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Q: Coastal Sand Dune Protection ( Answered 3 out of 5 stars,   0 Comments )
Subject: Coastal Sand Dune Protection
Category: Science > Agriculture and Farming
Asked by: tintphd-ga
List Price: $7.50
Posted: 25 Aug 2006 16:14 PDT
Expires: 24 Sep 2006 16:14 PDT
Question ID: 759592
What is the best vegetation to plant on sand dunes along the United
States Gulf coast to prevent erosion?
Subject: Re: Coastal Sand Dune Protection
Answered By: journalist-ga on 25 Aug 2006 17:58 PDT
Rated:3 out of 5 stars
Greetings Tintphd,

I feel that the first thing you should do before attempting any
restoration planting is to contact the Environmental Protection
Agency, office of the Gulf Ecology Division, to see if you need
permission to weed and/or replant, or perhaps to inquire about joining
any volunteer group efforts ongoing in your area (should those exist)
since many dunes may be under state/federal ownership/control.  The
contact for the Gulf Ecology Division is
William H. Benson, DIRECTOR
1 Sabine Island Drive
Gulf Breeze, FL 32561
Telephone (850) 934-9208
Tele-Fax (850) 934-2406

Mr. Benson will probably be able to answer your questions as to the
best type of dune vegetation for your area. (Also, if there is a local
Extension Office near you, they too may have good info.)


Another possible information resource is an effort in Baldwin County, Alabama.
"The Baldwin County Grasses in Classes (BCGIC) program was started in
January 2005 to facilitate the establishment and maintenance of
nurseries by Baldwin County school students to grow native plants for
submerged, wetland and dune restoration projects."
The contact for that project is
Margaret H. Sedlecky
Weeks Bay National Estuarine Research Reserve
US Hwy 98
Fairhope AL 36532
phone: (251) 928-9792
fax: (251) 928-1792
Grasses in Classes Program (#5001) 

Should they be nurturing the types of seedlings you require, you might
be able to acquire some from them.


Also, weeding may actually be the first pre-planting step:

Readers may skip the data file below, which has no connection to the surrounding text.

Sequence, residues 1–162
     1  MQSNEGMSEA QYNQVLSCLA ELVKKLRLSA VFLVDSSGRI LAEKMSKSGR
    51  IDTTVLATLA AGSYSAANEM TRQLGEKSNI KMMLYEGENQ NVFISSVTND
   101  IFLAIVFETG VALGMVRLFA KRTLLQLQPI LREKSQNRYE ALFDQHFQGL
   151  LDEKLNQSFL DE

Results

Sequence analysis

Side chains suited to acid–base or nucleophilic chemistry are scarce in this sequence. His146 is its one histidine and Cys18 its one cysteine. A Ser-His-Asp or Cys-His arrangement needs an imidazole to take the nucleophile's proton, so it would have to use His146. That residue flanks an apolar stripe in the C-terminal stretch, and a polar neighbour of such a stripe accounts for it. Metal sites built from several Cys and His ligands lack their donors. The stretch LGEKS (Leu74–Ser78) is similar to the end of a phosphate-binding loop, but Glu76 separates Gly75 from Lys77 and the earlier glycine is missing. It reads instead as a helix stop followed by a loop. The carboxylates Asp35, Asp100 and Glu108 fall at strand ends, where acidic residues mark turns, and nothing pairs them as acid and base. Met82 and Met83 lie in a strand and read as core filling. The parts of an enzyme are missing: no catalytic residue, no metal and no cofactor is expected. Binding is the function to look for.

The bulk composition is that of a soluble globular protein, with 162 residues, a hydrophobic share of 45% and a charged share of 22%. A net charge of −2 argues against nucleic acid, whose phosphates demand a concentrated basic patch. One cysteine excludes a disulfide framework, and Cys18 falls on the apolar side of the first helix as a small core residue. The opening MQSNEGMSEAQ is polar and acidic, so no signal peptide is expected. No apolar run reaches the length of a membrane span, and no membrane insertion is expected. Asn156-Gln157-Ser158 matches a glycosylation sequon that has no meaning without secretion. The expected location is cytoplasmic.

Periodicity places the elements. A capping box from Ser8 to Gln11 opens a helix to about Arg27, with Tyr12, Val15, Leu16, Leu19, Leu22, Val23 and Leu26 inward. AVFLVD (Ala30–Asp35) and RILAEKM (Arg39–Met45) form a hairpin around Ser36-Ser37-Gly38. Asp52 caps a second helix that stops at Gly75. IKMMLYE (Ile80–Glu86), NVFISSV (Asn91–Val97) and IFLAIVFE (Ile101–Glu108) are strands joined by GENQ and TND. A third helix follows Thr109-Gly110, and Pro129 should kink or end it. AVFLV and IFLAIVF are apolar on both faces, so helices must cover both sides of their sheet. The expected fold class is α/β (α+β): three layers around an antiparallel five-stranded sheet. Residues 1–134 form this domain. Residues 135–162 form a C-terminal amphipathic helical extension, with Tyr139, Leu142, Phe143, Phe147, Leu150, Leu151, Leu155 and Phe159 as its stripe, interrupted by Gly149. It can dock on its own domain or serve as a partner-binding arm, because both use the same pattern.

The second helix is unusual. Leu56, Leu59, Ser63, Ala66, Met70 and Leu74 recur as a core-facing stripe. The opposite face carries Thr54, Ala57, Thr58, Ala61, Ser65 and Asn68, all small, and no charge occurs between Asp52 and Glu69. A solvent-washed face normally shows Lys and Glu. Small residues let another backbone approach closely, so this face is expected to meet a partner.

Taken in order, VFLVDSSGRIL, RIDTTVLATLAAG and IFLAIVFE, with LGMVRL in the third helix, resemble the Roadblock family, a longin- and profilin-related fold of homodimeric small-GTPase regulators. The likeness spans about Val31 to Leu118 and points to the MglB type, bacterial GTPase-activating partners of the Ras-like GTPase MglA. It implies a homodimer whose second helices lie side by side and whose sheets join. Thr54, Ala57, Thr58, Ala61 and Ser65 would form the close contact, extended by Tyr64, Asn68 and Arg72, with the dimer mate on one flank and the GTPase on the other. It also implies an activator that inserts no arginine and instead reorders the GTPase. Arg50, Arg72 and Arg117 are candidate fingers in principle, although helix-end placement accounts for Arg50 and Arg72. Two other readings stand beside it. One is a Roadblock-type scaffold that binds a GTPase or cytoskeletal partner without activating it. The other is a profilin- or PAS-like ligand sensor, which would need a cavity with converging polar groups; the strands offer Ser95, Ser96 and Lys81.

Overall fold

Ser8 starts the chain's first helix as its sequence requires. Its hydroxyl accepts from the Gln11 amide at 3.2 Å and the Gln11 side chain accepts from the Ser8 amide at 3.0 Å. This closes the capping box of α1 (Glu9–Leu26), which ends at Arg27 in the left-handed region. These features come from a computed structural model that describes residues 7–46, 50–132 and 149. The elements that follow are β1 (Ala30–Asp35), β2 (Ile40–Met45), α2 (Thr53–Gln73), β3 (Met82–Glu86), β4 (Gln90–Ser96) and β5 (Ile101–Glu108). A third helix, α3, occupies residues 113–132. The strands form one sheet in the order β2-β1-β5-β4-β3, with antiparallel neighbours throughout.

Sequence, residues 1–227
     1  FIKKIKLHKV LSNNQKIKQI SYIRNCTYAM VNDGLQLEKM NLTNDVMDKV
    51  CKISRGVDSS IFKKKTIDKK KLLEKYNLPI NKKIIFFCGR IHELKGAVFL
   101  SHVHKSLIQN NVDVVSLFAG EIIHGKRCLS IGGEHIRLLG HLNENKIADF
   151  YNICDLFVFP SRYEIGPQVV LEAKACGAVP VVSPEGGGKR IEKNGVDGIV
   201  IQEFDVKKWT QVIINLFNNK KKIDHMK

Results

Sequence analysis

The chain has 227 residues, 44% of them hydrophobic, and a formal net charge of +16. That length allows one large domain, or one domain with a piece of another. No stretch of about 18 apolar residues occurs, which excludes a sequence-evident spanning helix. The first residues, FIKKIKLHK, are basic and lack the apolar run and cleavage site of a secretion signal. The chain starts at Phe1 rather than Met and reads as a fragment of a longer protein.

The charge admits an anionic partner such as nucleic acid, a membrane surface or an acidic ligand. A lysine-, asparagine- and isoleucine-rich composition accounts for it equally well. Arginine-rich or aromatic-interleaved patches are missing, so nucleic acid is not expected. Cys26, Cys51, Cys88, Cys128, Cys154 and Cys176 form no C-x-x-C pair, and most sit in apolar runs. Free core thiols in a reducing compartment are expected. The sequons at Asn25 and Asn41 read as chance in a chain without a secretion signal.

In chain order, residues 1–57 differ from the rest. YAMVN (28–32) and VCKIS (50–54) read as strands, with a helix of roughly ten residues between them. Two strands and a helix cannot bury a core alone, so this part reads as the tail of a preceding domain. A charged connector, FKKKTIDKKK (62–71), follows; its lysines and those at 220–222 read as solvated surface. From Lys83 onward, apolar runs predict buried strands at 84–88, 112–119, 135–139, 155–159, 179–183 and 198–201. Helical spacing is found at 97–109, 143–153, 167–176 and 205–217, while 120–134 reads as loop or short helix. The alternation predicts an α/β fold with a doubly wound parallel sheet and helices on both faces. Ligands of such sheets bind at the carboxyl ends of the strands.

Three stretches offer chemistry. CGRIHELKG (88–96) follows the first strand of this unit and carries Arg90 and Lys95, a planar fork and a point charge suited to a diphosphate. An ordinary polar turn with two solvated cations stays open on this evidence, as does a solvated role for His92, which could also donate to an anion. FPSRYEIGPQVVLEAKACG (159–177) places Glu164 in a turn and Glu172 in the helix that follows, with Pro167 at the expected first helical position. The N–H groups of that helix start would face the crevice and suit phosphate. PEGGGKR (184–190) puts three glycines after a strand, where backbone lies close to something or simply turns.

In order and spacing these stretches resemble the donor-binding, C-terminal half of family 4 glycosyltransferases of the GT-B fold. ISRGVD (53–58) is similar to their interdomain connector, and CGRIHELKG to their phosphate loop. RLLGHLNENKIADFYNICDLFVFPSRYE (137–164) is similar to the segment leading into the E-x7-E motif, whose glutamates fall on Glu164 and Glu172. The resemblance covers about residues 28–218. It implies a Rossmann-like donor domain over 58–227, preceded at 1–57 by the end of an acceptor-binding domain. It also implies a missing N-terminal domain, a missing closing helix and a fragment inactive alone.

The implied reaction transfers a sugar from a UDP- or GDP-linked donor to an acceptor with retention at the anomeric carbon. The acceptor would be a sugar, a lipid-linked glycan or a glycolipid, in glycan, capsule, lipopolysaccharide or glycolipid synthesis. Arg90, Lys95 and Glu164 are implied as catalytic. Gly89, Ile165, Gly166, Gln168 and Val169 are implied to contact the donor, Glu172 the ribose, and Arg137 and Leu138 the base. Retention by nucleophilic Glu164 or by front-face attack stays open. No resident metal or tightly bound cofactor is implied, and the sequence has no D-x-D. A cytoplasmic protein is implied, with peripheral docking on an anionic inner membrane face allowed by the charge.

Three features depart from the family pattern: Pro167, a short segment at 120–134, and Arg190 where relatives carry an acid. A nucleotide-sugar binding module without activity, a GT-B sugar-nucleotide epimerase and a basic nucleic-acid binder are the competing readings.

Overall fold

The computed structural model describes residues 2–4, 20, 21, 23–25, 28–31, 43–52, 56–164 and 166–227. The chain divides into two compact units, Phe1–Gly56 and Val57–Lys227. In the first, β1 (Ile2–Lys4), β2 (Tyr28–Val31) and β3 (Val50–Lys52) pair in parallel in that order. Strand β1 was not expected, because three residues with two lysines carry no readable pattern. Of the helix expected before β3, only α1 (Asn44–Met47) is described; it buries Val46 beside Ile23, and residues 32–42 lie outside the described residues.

"Panicum repens Torpedo Grass - Reportedly introduced from Australia,
this rapidly growing, aggressive grass occurs along the borders of the
Gulf of Mexico and chokes out other native species, particularly dune
plants. It can interfere with water movement in ditches and canals,
and limit recreational use of beach and shoreline areas."

Here is a very large image of Panicum repens Torpedo Grass so you can
check your dune areas for it.

Following are some articles and programs regarding the gulf coast in
general that may also be of interest to you.

Improved Dune Plants Goal Of [LSU] AgCenter Research

UF Scientist Seeks Super Sea Oats

National Fish and Wildlife Foundation, North Gulf Coast Initiative

Barrier Shoreline Restoration [LA]

Restoration of Barrier Island Dunes with Composite Plantings [UF]

Since you did not specify your exact area, I don't want to guess what
type plants are indigenous there. If you will provide me with your
area information via the clarification process, I will be happy to do
additional research for dune vegetation in the area you specify, and
to see if there is an Extension Office near you.

Best regards,


gulf coast dune vegetation
gulf coast dune ecology
gulf coast dune restoration
federal ecology gulf mexico
sea oat seedlings gulf
gulf coast sea oats sowing OR seeding
tintphd-ga rated this answer:3 out of 5 stars
Great answer. I have been really busy, sorry for the late reply but
this is why I think google answers may work for me.

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